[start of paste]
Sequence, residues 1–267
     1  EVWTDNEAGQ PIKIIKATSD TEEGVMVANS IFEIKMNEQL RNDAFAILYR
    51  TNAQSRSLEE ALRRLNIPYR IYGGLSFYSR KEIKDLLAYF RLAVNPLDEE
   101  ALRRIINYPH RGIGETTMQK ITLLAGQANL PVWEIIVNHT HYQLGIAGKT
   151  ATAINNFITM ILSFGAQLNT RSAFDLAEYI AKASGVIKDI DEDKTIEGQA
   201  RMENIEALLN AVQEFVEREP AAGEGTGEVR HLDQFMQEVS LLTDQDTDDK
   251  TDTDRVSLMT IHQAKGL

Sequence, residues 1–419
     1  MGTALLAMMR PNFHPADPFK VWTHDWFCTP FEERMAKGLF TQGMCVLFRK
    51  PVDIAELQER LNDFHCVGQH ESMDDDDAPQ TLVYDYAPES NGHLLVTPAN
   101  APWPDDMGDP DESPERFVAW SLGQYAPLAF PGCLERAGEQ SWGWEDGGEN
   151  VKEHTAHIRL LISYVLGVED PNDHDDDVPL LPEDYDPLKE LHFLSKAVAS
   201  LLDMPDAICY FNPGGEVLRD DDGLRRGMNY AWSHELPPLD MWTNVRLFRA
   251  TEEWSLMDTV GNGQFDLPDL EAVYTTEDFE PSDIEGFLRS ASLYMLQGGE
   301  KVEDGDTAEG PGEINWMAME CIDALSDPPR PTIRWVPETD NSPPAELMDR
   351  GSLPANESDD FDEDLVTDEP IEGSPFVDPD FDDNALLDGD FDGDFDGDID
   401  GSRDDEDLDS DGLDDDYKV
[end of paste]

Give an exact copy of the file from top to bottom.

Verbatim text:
Sequence, residues 1–267
     1  EVWTDNEAGQ PIKIIKATSD TEEGVMVANS IFEIKMNEQL RNDAFAILYR
    51  TNAQSRSLEE ALRRLNIPYR IYGGLSFYSR KEIKDLLAYF RLAVNPLDEE
   101  ALRRIINYPH RGIGETTMQK ITLLAGQANL PVWEIIVNHT HYQLGIAGKT
   151  ATAINNFITM ILSFGAQLNT RSAFDLAEYI AKASGVIKDI DEDKTIEGQA
   201  RMENIEALLN AVQEFVEREP AAGEGTGEVR HLDQFMQEVS LLTDQDTDDK
   251  TDTDRVSLMT IHQAKGL

Sequence, residues 1–419
     1  MGTALLAMMR PNFHPADPFK VWTHDWFCTP FEERMAKGLF TQGMCVLFRK
    51  PVDIAELQER LNDFHCVGQH ESMDDDDAPQ TLVYDYAPES NGHLLVTPAN
   101  APWPDDMGDP DESPERFVAW SLGQYAPLAF PGCLERAGEQ SWGWEDGGEN
   151  VKEHTAHIRL LISYVLGVED PNDHDDDVPL LPEDYDPLKE LHFLSKAVAS
   201  LLDMPDAICY FNPGGEVLRD DDGLRRGMNY AWSHELPPLD MWTNVRLFRA
   251  TEEWSLMDTV GNGQFDLPDL EAVYTTEDFE PSDIEGFLRS ASLYMLQGGE
   301  KVEDGDTAEG PGEINWMAME CIDALSDPPR PTIRWVPETD NSPPAELMDR
   351  GSLPANESDD FDEDLVTDEP IEGSPFVDPD FDDNALLDGD FDGDFDGDID
   401  GSRDDEDLDS DGLDDDYKV